A strong majority of The Logic subscribers believe the federal government should be spending to encourage domestic electric-vehicle production, our latest subscriber survey has found.
“EV is the way forward. What we cannot absorb domestically we can export,” one respondent wrote.
Seventy-two percent of respondents agreed with the premise in a survey conducted between October 27 and 29. Forty-five per cent strongly agreed, and 27 per cent somewhat agreed.
The Logic’s subscribers were emailed a private link to an online survey on Tuesday, October 27, and the survey closed Thursday, October 29. Respondents’ identities were kept anonymous and duplicates were removed as needed. Subscribers were asked whether they agree or disagree with the following statement: “The federal government should be spending to encourage domestic EV production.” Their choices were: strongly disagree, somewhat disagree, neither disagree nor agree, somewhat agree, strongly agree, I don’t know.
The federal government has shown a willingness to open its chequebook to jumpstart EV production. Last month, Ottawa announced plans to contribute $295 million to an $1.8-billion overhaul of Ford’s Oakville, Ont. plant. The government is also reportedly in negotiations with Fiat Chrysler over incentives for a tentative deal to retool its Windsor, Ont. plant to produce plug-in or hybrid vehicles.
At the Oakville announcement, Industry Minister Navdeep Bains said that the investment “marks the beginning of zero-emission-vehicle manufacturing in Canada” and “secures Canada’s place in a cleaner and more sustainable global automotive ecosystem.”
Together with the Ontario Progressive Conservatives, the federal Liberals are making the case that Canada is especially well positioned to own the EV supply chain, given its auto-manufacturing experience and natural resources. Several of The Logic’s subscribers who responded to the survey shared this notion.
“There is a unique Canadian opportunity from mining to export sales of finished products,” one subscriber wrote.
“Canada has clean technology strengths related to EV production (and required resources),” another said. “This presents an opportunity to focus on those strengths and build the clean technology companies and ecosystem of the future.”
Subscribers noted that investing in EV production could help the country transition away from traditional industry, including oil and gas, and toward clean energy.
“Building a low-carbon export economy that’s better than pre-COVID includes retooling old industry,” one subscriber wrote, adding that EV production would create an opportunity for domestic supply chains to connect Alberta and Saskatchewan with Ontario.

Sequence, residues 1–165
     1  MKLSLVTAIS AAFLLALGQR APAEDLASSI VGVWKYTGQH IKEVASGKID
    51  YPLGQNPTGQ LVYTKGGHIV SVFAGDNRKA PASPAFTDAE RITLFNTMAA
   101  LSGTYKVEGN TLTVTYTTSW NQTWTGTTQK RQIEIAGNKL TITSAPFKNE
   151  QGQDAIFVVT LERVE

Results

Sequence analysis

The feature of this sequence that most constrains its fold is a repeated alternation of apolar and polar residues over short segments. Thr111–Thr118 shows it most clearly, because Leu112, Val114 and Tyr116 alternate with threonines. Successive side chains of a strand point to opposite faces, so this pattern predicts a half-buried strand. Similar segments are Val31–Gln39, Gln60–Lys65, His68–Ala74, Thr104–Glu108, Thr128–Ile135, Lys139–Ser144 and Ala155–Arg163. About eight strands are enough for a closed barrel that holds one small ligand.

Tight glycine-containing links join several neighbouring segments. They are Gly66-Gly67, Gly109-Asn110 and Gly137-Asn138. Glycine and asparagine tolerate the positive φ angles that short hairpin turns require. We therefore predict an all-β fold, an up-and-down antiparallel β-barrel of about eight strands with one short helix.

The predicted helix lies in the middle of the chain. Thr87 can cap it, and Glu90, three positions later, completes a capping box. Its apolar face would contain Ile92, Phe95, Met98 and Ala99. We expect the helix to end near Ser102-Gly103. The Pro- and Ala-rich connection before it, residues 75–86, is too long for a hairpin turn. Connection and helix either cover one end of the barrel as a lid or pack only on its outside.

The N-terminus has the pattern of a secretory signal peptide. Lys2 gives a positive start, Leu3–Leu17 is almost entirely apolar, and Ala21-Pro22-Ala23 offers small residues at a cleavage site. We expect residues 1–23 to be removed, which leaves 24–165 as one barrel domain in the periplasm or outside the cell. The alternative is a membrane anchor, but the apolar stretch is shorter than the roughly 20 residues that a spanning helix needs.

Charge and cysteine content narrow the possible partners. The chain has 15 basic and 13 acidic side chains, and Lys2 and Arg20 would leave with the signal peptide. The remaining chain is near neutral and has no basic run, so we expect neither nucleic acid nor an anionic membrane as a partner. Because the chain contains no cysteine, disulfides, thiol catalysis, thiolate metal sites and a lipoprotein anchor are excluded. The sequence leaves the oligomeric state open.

A robust EV supply chain could benefit other fledgling green industries, as well. “It will also help other products that could use electrical storage, such as wind and solar, and backup generators for homes and businesses,” one subscriber wrote.
Another respondent suggested that the federal government work with provinces to upgrade electrical grids to provide infrastructure for EVs, including trains.
One subscriber said they strongly agreed with spending because the U.S. will be “subsidizing this industry in the near future.” South of the border, a Joe Biden presidency would likely offer large incentives for EV production. There is steep global competition in the sector, with plants in China, Germany and the U.S. set to produce EVs for major manufacturers.
Another wrote in to say that if EVs are an economic priority for Canada, the country should “urgently build collective IP stocks for this sector, particularly for batteries.” Japan and South Korea currently lead international patent applications for batteries. According to a recent BloombergNEF report, Canada ranks fourth in the world for the strength of its lithium-ion battery supply chain—but the IP produced by its leading researchers is not always retained domestically.
Some subscribers were more hesitant in their support. Several raised the issue of consumer demand, which remains low—in 2019, just 24,656 new passenger battery EVs were registered in the country, according to Statistics Canada. By 2025, Ottawa wants zero-emission vehicles to make up 10 per cent of light-duty sales, and 100 per cent by 2040. Until that happens, at least one subscriber said they would support government spending on a domestic EV industry “only if it is clear that there is an international market.”
One subscriber cautioned against the “tendency to add government assistance programs on top of each other.” Ottawa has already introduced a popular electric-car rebate program to increase consumer demand.
Twenty per cent of respondents did not support federal government spending to encourage EV production. Of those, 13 per cent strongly disagreed with spending, and seven per cent somewhat disagreed. The remaining eight per cent of subscribers neither agreed nor disagreed, or said they didn’t know.
“Governments are generally good at spending money, not necessarily finding successful investments,” one subscriber said.
Another subscriber brought up “branch plant economy thinking,” where multinationals invest in Canada though they are headquartered elsewhere, as some have argued risks happening with global tech giants. Electric-vehicle supply lines controlled by the Detroit Three could face a similar critique.
Several subscribers suggested that EVs aren’t the be-all and end-all of a green economy. “I’m discouraged when my tax dollars help wealthy consumers buy luxury vehicles that I can not afford,” one wrote.
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“I have mixed feelings about encouraging the development of EVs,” another said. “It needs to be linked to incentives and regulatory guardrails regarding carsharing.”
But for at least one subscriber, transitioning to EVs is key to a larger environmental push.
“We need to get ahead of the curve if we want to change behaviour and save the planet.”